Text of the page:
The Accention of the Virgin Mary is a grandiose celebration that brings all the streets of Quetzaltenango’s historical center to life. You can find drawings on the ground in sumptuous colors, and sounds that cross and explode in a fierce competition of firecrackers, brass bands, instruments, boots slamming on the concrete, and the joyful jingling of the Marimbas (the national instrument of Guatemala, which brings a touch of lightness to the solemnity of the parade). There are indigenous faces whose soft and sweet features swear in rigid European-style costumes, offering a beautiful juxtaposition between the tones of their skin and hair brushing up against the bright colors of the costumes from which an unexpected harmony is born. You’ll find sparkling metal instruments, shimmering synthetic fabrics, and heavy velvet skirts embroidered in yellow and red. We no longer know who to look at; who is marching and who has come to watch the parade. We can’t break our gaze from the dignified and magnificent women, whose huge checkered aprons spread over their wide skirts with numerous folds, and hair impeccably braided with pink and blue ribbons, amongst tiny silhouettes of rag dolls under the multicolored umbrellas. Their husbands are found in hats, checkered shirts, and pointed shoes in well waxed leather.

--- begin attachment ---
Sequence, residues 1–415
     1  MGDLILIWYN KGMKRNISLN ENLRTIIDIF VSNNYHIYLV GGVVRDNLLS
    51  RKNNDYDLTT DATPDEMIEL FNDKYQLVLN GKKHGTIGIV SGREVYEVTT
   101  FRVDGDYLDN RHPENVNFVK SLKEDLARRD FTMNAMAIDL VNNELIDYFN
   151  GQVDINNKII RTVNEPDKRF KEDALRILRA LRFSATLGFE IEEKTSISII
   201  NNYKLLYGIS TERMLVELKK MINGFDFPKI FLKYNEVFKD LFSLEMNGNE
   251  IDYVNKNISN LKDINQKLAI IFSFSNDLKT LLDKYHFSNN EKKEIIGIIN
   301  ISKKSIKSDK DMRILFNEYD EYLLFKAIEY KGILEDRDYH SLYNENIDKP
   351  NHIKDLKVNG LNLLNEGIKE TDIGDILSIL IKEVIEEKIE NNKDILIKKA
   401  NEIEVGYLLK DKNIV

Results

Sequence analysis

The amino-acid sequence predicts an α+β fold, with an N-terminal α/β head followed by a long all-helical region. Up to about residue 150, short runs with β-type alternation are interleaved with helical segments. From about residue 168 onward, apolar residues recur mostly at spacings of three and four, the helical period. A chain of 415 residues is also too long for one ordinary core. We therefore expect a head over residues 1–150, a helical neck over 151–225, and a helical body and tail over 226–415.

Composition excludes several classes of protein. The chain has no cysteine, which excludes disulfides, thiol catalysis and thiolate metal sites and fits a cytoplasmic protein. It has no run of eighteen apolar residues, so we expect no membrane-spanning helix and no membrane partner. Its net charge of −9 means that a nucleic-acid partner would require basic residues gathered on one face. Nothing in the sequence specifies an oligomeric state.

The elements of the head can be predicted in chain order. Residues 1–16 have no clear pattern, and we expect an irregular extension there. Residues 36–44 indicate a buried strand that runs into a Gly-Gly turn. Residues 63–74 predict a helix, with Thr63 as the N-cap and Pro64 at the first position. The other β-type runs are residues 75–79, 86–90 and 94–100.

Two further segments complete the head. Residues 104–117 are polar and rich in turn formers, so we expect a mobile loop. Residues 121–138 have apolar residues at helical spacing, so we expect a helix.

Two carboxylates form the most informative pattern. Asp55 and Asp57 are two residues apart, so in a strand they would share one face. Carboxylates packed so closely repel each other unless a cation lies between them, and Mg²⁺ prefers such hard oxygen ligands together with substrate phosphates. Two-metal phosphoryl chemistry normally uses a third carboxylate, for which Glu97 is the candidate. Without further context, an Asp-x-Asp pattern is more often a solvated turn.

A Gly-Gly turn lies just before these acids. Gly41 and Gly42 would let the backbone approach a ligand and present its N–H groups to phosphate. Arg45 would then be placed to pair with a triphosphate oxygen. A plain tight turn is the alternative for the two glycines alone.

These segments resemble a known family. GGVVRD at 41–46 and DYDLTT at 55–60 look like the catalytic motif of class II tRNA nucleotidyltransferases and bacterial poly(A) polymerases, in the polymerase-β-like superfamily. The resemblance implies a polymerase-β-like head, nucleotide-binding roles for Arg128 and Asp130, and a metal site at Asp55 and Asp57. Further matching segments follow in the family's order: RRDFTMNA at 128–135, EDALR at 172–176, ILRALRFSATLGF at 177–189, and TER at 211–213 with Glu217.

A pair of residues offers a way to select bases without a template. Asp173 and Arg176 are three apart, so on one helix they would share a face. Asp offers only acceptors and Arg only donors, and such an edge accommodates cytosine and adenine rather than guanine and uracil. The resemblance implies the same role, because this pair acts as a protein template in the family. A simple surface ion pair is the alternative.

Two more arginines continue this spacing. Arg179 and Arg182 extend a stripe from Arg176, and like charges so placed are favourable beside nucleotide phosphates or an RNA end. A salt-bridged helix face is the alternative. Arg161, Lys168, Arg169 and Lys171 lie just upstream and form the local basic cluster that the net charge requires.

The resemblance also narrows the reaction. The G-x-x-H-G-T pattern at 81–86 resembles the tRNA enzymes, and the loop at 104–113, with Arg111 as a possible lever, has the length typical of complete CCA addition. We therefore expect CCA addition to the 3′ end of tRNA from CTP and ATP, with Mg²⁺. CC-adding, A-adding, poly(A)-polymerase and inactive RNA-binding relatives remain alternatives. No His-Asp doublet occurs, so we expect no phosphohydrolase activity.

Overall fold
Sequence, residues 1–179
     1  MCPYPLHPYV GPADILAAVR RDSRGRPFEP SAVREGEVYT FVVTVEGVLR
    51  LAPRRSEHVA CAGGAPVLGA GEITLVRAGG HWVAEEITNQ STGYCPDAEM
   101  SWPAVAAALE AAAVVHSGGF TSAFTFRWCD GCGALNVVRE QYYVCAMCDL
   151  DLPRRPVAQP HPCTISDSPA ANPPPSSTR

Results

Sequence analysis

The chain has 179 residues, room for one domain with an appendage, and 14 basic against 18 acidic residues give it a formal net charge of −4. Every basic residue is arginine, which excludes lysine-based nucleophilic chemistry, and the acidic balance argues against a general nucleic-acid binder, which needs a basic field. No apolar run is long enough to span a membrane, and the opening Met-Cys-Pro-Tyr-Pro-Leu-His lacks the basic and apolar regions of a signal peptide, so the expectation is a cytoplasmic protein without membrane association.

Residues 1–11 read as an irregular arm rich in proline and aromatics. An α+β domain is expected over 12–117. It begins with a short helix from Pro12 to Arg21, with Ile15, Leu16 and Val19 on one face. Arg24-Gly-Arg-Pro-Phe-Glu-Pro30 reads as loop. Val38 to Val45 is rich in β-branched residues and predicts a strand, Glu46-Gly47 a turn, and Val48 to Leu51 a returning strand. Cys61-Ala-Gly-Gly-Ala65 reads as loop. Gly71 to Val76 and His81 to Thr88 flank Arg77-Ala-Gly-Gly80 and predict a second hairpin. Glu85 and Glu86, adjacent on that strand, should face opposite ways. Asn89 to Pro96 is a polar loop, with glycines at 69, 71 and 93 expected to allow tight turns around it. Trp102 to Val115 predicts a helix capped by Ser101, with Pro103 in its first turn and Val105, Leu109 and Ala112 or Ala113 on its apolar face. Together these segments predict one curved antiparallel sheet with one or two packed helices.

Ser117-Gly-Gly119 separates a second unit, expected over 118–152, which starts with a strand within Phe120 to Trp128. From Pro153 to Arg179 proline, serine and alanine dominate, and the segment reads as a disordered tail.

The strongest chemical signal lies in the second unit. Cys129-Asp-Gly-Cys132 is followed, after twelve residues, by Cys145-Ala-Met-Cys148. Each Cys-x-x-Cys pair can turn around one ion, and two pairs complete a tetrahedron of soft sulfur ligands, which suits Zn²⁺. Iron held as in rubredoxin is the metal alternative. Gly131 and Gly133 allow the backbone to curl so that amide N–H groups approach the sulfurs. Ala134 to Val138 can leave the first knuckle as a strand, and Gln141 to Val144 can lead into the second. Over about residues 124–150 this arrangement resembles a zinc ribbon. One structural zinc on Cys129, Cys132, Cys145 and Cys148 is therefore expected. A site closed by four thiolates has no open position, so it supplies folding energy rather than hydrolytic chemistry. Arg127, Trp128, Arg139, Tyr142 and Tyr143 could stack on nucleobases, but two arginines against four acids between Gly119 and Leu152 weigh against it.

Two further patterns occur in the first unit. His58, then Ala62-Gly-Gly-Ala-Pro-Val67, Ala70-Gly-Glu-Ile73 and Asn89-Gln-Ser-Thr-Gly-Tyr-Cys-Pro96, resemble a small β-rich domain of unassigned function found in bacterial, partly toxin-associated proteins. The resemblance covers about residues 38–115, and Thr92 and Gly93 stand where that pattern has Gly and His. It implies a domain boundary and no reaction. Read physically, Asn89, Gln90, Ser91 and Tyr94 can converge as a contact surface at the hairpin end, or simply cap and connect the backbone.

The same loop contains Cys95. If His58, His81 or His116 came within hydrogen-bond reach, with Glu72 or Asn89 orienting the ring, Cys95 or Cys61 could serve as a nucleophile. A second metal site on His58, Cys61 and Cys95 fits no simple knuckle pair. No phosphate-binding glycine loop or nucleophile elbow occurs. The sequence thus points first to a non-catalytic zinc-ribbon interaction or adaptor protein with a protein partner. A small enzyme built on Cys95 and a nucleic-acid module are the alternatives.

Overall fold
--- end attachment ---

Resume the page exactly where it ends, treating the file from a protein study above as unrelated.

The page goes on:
In this hubbub and crowd, we are nothing but the dizzy receiver of a cascade of invasive visual and auditory sensations that, in their profusion and density, make us forget who and where we are at times.